from: TK CHUA, via email
I must admit I know very little of the Islamic terms used and the names of scholars, jurists and writers mentioned in the essay by Dr Maszlee Malik and Dr Musa Mohd Nordin (The slippery slope to anarchy, FMT July 2). But I read it through, word by word, twice.
I realised that one does not need to know a particular religion well to know whether or not this religion has been interpreted and practiced correctly.
With Muslims like both of you, I know there is still hope for unity and harmony in this country going forward, despite the increasing difficulties we face each day.
I believe God must have more common sense and intelligence than human beings. If we see religious interpretations and practices that are abhorrent to humanity, justice and equality, we should know these are most probably not from God. We are His creation; we can’t be more compassionate or smarter than Him. If we humans can see injustice inequality and depravity in our midst, I think God should be able to see a thousand times more.
You rightly mentioned that “the actions of the few in our country have inadvertently equated Islam with religious intolerance and racism”. I think it is not just “the few” that concerns us; it is “the very influential few” that is the crux of the matter.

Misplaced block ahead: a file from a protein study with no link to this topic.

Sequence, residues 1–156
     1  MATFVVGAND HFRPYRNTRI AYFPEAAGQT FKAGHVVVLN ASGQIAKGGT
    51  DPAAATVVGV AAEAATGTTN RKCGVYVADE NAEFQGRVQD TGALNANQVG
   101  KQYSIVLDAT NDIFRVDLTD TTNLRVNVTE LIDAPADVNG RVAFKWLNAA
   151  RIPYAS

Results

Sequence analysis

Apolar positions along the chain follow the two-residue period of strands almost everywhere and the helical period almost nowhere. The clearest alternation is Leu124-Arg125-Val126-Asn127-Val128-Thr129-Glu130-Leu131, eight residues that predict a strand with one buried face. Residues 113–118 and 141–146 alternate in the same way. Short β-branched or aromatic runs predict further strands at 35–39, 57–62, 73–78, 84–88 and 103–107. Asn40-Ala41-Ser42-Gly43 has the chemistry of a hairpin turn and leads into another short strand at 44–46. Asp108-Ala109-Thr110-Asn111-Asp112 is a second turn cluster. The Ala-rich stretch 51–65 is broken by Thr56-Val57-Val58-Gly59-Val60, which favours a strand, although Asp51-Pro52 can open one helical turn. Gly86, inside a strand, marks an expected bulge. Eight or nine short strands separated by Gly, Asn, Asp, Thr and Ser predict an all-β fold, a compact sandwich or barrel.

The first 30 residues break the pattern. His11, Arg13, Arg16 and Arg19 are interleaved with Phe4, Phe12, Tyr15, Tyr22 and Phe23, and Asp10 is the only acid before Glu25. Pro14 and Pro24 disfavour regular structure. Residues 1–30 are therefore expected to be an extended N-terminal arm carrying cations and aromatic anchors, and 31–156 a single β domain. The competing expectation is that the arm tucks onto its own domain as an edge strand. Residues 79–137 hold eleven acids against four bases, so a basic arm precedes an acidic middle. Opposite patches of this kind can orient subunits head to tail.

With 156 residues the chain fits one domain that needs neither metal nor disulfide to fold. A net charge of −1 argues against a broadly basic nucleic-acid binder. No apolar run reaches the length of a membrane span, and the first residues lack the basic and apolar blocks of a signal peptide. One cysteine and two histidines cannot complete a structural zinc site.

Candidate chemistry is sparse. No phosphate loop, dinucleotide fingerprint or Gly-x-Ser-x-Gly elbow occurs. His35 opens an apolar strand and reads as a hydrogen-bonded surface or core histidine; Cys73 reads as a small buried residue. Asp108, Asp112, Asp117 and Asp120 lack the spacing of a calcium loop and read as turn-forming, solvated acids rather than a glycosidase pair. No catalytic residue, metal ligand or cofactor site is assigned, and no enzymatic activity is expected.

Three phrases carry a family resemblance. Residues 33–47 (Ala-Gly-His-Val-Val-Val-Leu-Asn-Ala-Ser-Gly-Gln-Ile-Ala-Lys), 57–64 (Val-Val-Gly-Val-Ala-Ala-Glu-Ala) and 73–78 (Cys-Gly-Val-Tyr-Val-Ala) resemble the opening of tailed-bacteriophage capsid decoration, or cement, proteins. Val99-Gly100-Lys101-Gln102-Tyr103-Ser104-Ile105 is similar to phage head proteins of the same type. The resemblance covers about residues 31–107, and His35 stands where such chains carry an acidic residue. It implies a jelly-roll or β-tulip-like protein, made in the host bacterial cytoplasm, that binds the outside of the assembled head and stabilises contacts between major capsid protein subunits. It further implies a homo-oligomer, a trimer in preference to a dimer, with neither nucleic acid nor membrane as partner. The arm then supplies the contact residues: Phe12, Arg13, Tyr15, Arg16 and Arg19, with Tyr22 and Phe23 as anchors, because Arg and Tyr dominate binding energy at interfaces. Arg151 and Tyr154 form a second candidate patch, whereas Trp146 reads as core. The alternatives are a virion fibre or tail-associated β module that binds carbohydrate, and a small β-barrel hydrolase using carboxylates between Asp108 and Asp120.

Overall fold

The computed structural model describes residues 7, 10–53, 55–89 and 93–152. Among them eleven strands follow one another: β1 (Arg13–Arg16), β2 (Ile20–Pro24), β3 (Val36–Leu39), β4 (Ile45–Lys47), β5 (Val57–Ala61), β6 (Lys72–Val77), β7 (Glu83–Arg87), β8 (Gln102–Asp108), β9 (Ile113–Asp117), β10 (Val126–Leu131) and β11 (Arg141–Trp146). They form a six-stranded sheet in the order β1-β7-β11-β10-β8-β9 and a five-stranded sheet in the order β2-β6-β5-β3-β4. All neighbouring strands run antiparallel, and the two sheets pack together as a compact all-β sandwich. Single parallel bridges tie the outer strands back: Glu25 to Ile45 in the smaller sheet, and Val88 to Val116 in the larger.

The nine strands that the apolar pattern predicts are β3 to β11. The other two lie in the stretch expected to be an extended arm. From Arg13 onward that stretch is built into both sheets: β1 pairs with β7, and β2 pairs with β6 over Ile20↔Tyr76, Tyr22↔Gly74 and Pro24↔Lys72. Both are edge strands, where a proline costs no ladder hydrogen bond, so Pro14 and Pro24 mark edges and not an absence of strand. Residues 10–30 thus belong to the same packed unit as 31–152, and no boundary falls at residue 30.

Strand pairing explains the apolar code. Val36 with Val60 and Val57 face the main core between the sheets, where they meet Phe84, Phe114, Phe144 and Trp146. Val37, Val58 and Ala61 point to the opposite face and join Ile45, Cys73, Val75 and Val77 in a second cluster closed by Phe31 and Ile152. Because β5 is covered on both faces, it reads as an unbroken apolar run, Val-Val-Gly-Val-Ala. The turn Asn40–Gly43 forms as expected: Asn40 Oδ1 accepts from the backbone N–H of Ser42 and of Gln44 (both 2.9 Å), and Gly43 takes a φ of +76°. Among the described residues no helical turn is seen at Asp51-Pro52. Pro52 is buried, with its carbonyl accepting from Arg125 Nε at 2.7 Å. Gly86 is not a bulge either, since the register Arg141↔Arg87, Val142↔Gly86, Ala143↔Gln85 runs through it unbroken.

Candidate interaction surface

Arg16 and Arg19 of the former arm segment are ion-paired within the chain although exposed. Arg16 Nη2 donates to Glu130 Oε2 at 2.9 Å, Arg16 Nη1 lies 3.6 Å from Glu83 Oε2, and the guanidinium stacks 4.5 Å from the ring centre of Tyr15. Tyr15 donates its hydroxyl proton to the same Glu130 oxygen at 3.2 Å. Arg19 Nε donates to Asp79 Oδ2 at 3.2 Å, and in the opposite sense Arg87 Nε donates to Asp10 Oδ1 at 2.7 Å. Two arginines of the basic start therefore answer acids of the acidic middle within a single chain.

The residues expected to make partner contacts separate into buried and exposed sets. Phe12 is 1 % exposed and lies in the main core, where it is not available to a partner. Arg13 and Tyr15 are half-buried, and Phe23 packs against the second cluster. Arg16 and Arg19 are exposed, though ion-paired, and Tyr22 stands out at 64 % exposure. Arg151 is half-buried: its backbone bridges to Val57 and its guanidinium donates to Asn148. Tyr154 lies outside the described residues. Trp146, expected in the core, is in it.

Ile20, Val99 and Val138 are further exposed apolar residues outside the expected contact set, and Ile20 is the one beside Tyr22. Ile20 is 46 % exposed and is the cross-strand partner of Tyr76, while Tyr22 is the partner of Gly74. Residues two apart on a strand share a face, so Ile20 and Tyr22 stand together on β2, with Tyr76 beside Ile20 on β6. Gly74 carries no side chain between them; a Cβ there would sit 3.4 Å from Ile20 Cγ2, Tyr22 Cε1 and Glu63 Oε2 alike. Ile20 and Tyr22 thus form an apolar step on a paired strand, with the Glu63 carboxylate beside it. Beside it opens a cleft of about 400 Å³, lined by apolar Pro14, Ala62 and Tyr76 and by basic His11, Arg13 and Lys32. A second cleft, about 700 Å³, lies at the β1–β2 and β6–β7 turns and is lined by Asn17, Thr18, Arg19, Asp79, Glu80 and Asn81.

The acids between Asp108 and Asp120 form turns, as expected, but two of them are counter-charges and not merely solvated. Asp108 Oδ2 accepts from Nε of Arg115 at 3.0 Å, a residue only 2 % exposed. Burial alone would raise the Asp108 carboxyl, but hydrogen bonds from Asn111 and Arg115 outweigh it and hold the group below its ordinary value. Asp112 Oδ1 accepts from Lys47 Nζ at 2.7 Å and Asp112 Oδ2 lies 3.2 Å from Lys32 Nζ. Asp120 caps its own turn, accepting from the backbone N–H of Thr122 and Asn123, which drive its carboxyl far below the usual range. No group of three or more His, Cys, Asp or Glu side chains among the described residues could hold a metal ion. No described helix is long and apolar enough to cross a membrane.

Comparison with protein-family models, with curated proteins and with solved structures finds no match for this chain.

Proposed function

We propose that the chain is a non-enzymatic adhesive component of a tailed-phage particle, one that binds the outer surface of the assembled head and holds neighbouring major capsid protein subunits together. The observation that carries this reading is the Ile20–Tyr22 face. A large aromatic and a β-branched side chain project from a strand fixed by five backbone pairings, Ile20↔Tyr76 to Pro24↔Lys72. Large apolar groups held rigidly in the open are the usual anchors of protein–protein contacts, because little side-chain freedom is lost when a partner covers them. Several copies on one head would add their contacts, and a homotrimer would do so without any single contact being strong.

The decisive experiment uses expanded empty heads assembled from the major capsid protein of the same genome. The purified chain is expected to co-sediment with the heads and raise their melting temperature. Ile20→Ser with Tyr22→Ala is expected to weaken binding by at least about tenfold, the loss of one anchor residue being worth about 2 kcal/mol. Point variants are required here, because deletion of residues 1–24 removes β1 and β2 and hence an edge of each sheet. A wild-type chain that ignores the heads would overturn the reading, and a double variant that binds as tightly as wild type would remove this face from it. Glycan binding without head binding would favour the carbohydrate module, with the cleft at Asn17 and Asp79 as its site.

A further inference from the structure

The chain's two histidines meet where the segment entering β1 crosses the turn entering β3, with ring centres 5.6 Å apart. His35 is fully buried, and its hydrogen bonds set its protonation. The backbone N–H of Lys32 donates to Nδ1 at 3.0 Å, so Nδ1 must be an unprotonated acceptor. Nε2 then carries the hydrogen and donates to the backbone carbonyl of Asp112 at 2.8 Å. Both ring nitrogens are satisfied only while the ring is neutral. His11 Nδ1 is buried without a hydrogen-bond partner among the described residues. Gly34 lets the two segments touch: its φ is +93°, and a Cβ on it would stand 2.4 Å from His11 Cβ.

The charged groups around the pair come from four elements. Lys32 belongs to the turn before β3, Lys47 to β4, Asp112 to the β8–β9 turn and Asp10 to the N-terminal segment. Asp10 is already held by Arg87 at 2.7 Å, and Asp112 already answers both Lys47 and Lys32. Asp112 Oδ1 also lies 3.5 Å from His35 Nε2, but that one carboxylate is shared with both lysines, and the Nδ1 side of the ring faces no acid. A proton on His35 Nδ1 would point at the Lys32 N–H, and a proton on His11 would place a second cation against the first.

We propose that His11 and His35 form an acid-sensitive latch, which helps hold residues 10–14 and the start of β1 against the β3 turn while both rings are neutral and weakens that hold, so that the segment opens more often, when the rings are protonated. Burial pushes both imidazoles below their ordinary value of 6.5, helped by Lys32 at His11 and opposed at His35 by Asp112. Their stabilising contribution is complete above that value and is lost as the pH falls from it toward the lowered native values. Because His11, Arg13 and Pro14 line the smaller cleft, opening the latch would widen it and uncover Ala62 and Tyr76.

Sadly, I think the influential few have not “inadvertently” equated Islam with religious intolerance and racism. Inadvertently connotes lack of knowledge resulting in doing things mistakenly, unintentionally, or accidentally.
If we look at our religious establishment today, those coming up with parochial, bigoted, and insular interpretations of religions, are they people with insufficient knowledge? I don’t think so, for these are the leaders and scholars who have spent years studying and teaching their flocks.
It is more of deliberately skewing the interpretation to further the cause of politics and their own personal agendas. Religions are used as political football, not as salvation of mankind or salvation of the world through us (the believers).
But I like your last paragraph best. As a non-Muslim, I had begun to doubt my ability to continue existing under the Malaysian sun, but your assurance of the mutual respect, peaceful co-existence and inclusive nature of Islam in our multi-religious community is most timely.
Now we have a big task – we have to find Muslims of your caliber, temperament, knowledge, and character to replace those bigots in our religious and political establishments. If you can, please write us another piece on how you can make this happen.
T.K. Chua is an FMT reader
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